109.  Clause 55(5)(b) enables to Secretary of State to direct that a report by the Chief Constable (or relevant part) be published where the Chief Constable is of the view that the report (or any part of it) he is required to publish under this clause contains information which it is unnecessary or not in the public interest to publish. The direction is not subject to Parliamentary control.

Clause 57 - Other Reports to the Secretary of State

110.  Clause 57(1) allows the Secretary of State to direct the Authority to submit a report to him on specified matters connected with the performance of its functions as a police authority. The direction can make provision on what matters the report should cover. An identical power of direction is available in respect of the Chief Constable's functions in clause 57(2). The direction is not subject to Parliamentary control.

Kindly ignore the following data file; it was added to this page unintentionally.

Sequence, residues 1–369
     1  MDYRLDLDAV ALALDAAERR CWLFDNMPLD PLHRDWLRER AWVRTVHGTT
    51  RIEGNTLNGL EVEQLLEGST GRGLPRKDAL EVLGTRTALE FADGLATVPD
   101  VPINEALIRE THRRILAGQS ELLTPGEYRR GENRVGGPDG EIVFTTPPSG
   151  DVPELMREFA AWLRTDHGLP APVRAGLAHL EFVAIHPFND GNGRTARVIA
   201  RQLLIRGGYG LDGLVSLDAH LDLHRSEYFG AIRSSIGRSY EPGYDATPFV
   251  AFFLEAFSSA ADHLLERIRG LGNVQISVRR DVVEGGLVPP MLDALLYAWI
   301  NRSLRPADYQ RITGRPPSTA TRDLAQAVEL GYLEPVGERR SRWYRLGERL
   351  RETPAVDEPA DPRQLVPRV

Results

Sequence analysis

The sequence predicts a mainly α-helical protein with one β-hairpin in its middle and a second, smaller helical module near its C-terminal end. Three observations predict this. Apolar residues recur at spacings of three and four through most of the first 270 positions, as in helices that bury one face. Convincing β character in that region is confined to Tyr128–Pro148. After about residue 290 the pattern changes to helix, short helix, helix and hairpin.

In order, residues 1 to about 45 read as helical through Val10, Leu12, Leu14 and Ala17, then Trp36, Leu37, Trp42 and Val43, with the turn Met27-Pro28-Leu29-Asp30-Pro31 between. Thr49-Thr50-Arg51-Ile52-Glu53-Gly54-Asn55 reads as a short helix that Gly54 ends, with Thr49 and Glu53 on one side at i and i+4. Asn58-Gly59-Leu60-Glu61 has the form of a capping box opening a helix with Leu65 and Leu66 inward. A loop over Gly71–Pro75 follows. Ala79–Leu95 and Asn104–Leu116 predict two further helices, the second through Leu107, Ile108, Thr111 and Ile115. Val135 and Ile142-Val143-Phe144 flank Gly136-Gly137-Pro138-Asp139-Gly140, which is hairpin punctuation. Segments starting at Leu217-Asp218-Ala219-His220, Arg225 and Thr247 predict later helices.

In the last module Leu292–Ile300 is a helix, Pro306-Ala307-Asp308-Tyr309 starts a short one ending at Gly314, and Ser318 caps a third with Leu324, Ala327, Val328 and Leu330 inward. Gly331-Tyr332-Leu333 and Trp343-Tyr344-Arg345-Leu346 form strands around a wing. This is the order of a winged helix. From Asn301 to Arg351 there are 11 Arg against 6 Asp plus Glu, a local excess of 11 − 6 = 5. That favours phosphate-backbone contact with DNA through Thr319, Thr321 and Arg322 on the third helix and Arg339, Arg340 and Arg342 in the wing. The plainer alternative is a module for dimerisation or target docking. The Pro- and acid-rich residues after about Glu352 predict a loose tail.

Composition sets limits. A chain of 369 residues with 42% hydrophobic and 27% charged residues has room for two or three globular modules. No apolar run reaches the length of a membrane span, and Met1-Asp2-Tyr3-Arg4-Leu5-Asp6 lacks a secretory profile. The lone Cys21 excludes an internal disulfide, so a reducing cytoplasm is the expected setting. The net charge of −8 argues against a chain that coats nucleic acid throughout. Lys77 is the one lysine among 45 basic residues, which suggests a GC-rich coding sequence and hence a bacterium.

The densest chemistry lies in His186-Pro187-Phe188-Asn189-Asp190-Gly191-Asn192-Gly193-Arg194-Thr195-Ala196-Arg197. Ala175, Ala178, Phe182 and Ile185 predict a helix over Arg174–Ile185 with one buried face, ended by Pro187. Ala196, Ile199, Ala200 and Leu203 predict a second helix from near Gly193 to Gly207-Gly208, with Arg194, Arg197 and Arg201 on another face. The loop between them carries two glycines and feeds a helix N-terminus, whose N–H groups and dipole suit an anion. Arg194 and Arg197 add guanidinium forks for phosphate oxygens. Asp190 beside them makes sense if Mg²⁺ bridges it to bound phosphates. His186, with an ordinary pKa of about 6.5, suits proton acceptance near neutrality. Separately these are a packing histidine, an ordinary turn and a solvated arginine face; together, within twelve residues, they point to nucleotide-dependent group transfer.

Clause 60 - Inquiry Supplemental

111.  Clause 60(6) enables the Secretary of State to direct the Authority that it must pay the costs incurred by a person who has been appointed to inquire in to a matter connected with the BTP force under clause 59. The direction is not subject to Parliamentary control.